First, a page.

Growers' interests prompt advance of conventional rice varieties

Adam at field dayjpg

Adam Famoso, LSU AgCenter rice breeder, discusses variety development at a field day at the AgCenter H. Rouse Caffey Research Station. He is standing in front of a plot of PVL03, a new variety. Photo by Olivia McClure.

While Clearfield variety development had been a major focus of the LSU AgCenter rice breeding program over the past 15 years, for the last three to four years the emphasis on conventional lines has greatly increased based on growers’ needs.

The latest Clearfield release from the AgCenter breeding program is CLL17. The long-grain Clearfield variety was grown commercially on significant acreage for the first time in 2021, rice breeder Adam Famoso said, and yield data are showing positive results from the variety.

“The overall feedback we are getting is positive in terms of yields,” Famoso said. “It’s milling well. Agronomically, it’s pretty similar to our other varieties. We have seen the yield of CLL17 drop off in our breeding trials when it was planted later than the recommended planting window.”

CLL17 is the latest variety to feature the pita blast resistance gene, which Famoso said is the best blast-resistance gene available among commercially released varieties.

The evolution of CLL17 from development to release started with preliminary yield trials in 2015, leading to multiple location trials the following year and seed production in 2019. The expansion of CLL17 as a leading variety planted among rice fields in the state is a testament to the increased yield.

PVL03, a Provisia line, will be available commercially within the next year, Famoso said. The variety was in seed production fields in Louisiana, Texas and Missouri. Yield trials indicate that PVL03 is producing competitively with other varieties, including Clearfield and conventional breeding lines.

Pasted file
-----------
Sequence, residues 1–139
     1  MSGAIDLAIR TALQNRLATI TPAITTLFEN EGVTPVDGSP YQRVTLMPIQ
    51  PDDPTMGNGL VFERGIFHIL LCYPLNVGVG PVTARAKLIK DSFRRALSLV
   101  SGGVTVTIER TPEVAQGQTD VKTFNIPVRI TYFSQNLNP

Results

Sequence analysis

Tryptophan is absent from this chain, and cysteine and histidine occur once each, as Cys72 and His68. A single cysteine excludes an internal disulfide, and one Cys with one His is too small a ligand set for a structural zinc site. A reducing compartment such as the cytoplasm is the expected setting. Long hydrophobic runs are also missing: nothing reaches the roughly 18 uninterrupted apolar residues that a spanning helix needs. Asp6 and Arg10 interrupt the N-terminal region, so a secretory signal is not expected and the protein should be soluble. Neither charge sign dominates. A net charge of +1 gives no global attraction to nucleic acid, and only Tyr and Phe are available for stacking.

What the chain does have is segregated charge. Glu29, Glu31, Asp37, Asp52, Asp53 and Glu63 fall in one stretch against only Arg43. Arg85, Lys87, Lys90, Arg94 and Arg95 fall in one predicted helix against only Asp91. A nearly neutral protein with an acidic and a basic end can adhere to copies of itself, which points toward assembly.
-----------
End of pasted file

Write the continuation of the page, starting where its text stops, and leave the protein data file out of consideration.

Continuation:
“PVL03 has done really well in the seed fields—better than we could have hoped,” he said. “We’re continually closing the gap between the yield potential of the Provisia lines versus all the others.”

The positive seed production results indicate the variety will replace PVL02, the previous Provisia variety that was commercially released.

“It shows good yield advantage and much better disease resistance,” Famoso said, comparing PVL03 to its Provisia predecessors. “It has the pita blast resistance. It has a longer grain. It’s a sturdier plant that is much less prone to lodging.”

Louisiana rice growers have expressed interest into the AgCenter’s conventional rice varieties, which has prompted rice breeding researchers to shift some of their focus to examining more traditional lines.

“There is more and more demand for our conventional lines,” Famoso said. “Conventional lines are now a much more prevalent component of our program compared to a few years ago.”

Of the conventional lines being studied, Famoso said three have advanced to seed production. LA2126 may soon be marketed for uses that require high amylose varieties, such as for parboiling and packaging in processed meals and for specific export markets that prefer nonsticky rice. That variety fits characteristics that are preferred in Mexico and other Latin American markets.

LA2126 “has performed consistently equal to or better than Cheniere over the years,” Famoso said. “It offers us this unique cooking property in that it will be high amylose. We’re releasing this with the idea that is will be for specific markets and specific applications.”

Famoso said the Mars Corporation, the parent company of Ben’s Original (formerly Uncle Ben’s), has provided very favorable feedback in LA 2126 as a fit for their rice products.

LA2212, another conventional long grain variety, has shown high yields across the board, but this line has proven favorable to growers for its timing of maturity.

“It matures four or five days earlier than any of our other varieties on the market,” he said.

The LA2212 line is a short plant that is less susceptible to lodging to its taller counterparts. Adding that attribute to its package of favorable characteristics prompted the breeding program to advance the line into seed production in Puerto Rico. The seed, to be harvested from Puerto Rico in January 2022, will then be released for increased seed production prior to its commercial market debut.

“It should be available by 2023 on a commercial basis,” he said.

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Adam Famoso, LSU AgCenter rice breeder, checks the progress of a rice plant that has been used to make a cross in a greenhouse at the AgCenter H. Rouse Caffey Rice Research Station. Seed from the cross will be grown, and the DNA from the plant’s tissue will be tested to determine if the new line of rice has the desired traits. Photo by Bruce Schultz.
12/15/2021 5:38:54 PM
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